Auch (34 km) »
A former Gallo-Roman city, the capital of Gascony and the Gers takes pride in its vast and well-preserved architectural heritage.
The Sainte-Marie Cathedral at the heart of the old town was built between the 15th and 18th centuries with marvellous stained glass windows by Arnaud de Moles and an incredible choir sculpted with 1500 characters. The Tour d’Armagnac was the 14th century prison. Auch is the home town of d’Artagnan of Three Musketeers fame-his statue can be found on the monumental staircase with its 370 steps joining the old town and river. As do the picturesque ‘Pousterles’, the steep, narrow lanes built in the Middle Ages to fetch water.
To the left of the cathedral, the main shopping street is pedestrianised and runs along the contours of the hill. The tourist office is on the corner from where you can obtain a list of recommended walks around Auch. There are a good range of boutiques, gourmet and delicatessen shops and an array of cafes and tea houses. Turn right at the end of the street and follow the road downhill and across the river to the second shopping area where there are a number of perfumeries and an excellent book shop. Throughout the year local artisans and speciality food producers market their wares in the Maison de Gascogne, the former 19th century market square.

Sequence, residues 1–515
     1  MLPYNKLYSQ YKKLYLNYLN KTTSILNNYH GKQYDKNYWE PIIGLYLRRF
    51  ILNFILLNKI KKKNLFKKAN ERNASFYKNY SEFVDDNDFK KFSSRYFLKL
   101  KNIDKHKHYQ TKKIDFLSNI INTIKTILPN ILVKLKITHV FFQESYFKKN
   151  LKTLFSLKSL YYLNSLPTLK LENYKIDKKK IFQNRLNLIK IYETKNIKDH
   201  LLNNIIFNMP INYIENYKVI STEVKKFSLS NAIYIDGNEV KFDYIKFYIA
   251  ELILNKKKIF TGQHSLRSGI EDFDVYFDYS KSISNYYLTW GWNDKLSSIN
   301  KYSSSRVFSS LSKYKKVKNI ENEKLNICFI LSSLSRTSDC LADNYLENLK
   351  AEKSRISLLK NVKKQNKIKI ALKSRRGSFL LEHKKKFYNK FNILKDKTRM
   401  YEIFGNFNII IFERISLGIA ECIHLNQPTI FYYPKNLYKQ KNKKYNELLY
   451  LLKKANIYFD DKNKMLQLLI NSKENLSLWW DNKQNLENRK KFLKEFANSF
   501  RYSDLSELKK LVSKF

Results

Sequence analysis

Eauze (26 km)
The drive to Eauze passes through numerous vineyards and there are signposts to domains, where you can taste and buy the local wines. The best day to visit Eauze is Thursday when there is one of the best markets in the region-fabulous vegetables, plants and flowers, cheeses and spices, tablecloths and quilts, musical instruments and more. Founded by the Romans as Elusa, the fantastic Treasure of Eauze was unearthed on the site of the old city and is on display in the town’s archeological museum. Eauze is also the centre of Bas Armagnac which has the reputation of producing the finest of these eaux de vie, smooth and with a fine ‘nose’ of prunes. Eauze was also an important stop on the ‘Rue St Jacques’ and the Cathedral of St Luperc dominates the town.

Fleurance (25 km) »